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Monday, October 3, 2005
As some of you know, I was born and raised in New Braunfels, Texas. At the time New Braunfels was a small community which had successfully maintained its very strong German heritage. Over the years my hometown has grown exponentially, as has its signature annual celebration -- WURSTFEST.
The original Wurstfest was held in 1961, and it was dedicated to celebrating the time-honored German tradition of Octoberfest -- cold beer and, of course, wunderbar wurst. (As in knockwurst and bratwurst). What was once a simple two-day event has now exploded to a ten-day gala attracting over 155,000 people each year who consume 42 tons of sausage and who down enough beer to float the Bismark. It's good times for uber alles.
With this background in mind, I am thinking today about forming a new film festival which I would tentatively name WORSTFEST. The idea would be to identify and vilify the absolute worst filmmaking worldwide. Lord knows there are enough projects to choose from each year and 2005 is certainly no exception.
This year's winner would undoubtedly be MAYDAY, the CBS primetime movie that aired last night. In fact, I am afraid my Worstfest idea will never come to fruitition since I absolutely cannot conceive of a worse film than this (feature or movie-of-the-week). I know the year isn't over, but that matters little. MAYDAY is so wretchedly written, so dismally directed, so pathetically photographed, so abysmally acted and so phlegmatically produced it makes AIRPLANE! seem like a hard hitting, in-depth, factual documentary.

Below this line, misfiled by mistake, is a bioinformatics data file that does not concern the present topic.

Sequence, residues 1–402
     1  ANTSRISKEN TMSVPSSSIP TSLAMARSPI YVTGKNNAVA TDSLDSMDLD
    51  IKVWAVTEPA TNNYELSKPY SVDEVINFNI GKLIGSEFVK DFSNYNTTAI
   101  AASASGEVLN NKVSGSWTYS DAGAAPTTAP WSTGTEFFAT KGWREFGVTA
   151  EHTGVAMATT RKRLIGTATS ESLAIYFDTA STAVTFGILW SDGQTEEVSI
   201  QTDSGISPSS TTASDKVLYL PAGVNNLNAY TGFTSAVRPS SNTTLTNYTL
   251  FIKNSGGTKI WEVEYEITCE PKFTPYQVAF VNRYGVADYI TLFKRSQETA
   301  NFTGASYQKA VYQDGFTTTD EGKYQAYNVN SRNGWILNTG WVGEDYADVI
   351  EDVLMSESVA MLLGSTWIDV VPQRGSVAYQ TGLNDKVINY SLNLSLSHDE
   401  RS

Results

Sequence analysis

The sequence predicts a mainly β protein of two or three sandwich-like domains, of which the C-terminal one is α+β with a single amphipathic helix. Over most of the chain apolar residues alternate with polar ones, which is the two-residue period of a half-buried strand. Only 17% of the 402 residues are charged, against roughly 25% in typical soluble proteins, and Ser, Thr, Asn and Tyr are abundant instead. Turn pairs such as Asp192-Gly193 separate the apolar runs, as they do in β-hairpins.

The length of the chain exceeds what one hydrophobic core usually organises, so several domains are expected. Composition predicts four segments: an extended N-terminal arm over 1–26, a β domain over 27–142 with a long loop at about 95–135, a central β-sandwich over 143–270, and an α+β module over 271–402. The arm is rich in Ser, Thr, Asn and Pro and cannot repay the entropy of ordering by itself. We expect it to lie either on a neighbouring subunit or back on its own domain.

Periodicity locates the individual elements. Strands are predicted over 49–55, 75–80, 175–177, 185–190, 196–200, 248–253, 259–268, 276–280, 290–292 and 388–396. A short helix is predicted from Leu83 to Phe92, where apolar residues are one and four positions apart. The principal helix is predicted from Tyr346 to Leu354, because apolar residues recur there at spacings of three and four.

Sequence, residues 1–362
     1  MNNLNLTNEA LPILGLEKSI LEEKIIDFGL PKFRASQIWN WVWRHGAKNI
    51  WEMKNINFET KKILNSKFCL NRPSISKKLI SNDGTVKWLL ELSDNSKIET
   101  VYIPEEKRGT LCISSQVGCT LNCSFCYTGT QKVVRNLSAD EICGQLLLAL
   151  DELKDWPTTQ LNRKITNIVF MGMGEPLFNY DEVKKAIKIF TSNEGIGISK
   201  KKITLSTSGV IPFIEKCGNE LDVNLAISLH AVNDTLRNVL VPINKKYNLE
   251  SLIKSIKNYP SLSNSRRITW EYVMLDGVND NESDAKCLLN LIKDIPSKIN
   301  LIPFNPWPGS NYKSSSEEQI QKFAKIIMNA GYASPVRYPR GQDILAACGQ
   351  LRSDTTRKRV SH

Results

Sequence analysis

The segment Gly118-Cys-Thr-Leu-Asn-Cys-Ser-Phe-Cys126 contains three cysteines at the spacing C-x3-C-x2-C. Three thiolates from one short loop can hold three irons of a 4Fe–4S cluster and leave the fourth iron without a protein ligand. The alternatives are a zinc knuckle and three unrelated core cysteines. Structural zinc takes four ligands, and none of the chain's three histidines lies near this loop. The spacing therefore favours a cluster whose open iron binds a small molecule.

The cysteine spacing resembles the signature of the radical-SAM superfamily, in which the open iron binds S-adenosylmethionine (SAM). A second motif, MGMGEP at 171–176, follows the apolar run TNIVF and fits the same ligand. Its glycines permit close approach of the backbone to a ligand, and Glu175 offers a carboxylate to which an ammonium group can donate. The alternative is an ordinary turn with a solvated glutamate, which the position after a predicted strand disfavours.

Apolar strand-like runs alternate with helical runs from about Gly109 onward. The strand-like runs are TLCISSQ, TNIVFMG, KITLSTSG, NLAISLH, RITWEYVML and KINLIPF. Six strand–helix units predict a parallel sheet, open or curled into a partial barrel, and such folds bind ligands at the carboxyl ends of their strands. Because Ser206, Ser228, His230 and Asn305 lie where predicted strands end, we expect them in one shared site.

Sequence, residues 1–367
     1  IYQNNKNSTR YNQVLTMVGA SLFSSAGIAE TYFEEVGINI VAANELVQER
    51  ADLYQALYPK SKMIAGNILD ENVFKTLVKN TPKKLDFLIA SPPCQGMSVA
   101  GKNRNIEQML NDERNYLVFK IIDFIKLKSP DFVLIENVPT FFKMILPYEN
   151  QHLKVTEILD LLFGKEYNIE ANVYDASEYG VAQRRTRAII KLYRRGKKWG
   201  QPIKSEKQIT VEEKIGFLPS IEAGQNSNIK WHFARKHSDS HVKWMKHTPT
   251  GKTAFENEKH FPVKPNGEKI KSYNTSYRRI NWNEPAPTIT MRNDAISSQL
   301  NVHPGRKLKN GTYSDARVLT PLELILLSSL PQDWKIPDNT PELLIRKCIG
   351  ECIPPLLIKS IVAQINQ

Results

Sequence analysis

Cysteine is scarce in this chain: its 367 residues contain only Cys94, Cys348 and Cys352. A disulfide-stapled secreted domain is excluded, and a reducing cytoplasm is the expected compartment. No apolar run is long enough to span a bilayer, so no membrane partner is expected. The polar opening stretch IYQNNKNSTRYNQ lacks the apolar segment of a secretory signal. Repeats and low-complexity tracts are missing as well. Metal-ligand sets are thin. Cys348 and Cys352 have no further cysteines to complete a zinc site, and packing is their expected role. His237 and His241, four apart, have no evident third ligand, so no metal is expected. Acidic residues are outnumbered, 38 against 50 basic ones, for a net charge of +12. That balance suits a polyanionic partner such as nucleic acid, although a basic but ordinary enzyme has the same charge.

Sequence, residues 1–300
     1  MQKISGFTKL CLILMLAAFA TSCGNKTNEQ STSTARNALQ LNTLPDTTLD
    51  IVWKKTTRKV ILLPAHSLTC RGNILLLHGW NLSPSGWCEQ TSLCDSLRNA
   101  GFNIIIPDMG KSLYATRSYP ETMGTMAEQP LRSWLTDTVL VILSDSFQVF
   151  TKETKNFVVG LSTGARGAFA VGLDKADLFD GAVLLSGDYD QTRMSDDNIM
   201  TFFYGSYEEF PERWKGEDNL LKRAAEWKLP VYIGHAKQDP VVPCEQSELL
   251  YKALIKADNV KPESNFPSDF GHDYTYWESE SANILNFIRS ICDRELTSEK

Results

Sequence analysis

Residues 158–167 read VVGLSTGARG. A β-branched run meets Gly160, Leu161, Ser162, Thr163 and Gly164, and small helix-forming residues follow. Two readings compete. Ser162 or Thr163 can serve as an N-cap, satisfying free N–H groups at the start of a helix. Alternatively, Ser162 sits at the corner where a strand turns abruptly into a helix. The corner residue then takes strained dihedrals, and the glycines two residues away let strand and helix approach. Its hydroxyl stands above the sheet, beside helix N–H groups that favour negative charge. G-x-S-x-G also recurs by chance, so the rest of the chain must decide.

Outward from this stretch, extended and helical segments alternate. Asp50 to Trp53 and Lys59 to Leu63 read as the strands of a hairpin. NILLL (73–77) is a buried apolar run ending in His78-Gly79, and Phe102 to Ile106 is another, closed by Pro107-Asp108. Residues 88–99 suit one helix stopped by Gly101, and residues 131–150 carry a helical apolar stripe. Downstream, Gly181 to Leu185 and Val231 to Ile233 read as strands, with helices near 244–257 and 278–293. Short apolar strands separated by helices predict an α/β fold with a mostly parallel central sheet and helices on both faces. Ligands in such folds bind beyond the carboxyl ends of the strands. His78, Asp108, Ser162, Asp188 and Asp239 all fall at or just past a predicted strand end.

For example, do you know the best way to survive a complete decompression within the body of a commercial airliner at 65,000 feet? Yes, that's the altitude specified on several occasions. Well, according to Director/Co-Writer T. J. Scott the answer is to lock yourself in a bathroom unless, of course, you are petting your dogs in the cargo hold of a trans-pacific jetliner before the "weekend pilot" now at the controls engages the afterburners. Yes, the number of implausabilities within the MAYDAY screenplay rival the turnstile count at last year's Wurstfest.
I couldn't help but notice that one of Producer Judy Cairo's previous TV movies was VANISHED WITHOUT A TRACE. At first I thought both she and Mr. Scott should suffer that very same fate. In giving more thought, however, to this "three-bagger" (as in the minimum number of airsick bags one needs to sit through the 88-minute running time), I now would simply like this devoid duo to be perennially stuck in a TSA screening line. It's a totally appropriate punishment and one that would ensure they NEVER, EVER work again.
In closing, allow me to add that I have been told that nothing in this world is without at least one iota of merit (although MAYDAY comes perilously close to being the exception). So, as a public service I have chosen a photo of Kelly Hu to accompany this review. Ms. Hu plays the lovely flight attendant and was the only thing worth looking at during the shaky-cam excess of MAYDAY. And you thought THE BLAIR WITCH PROJECT was nauseating...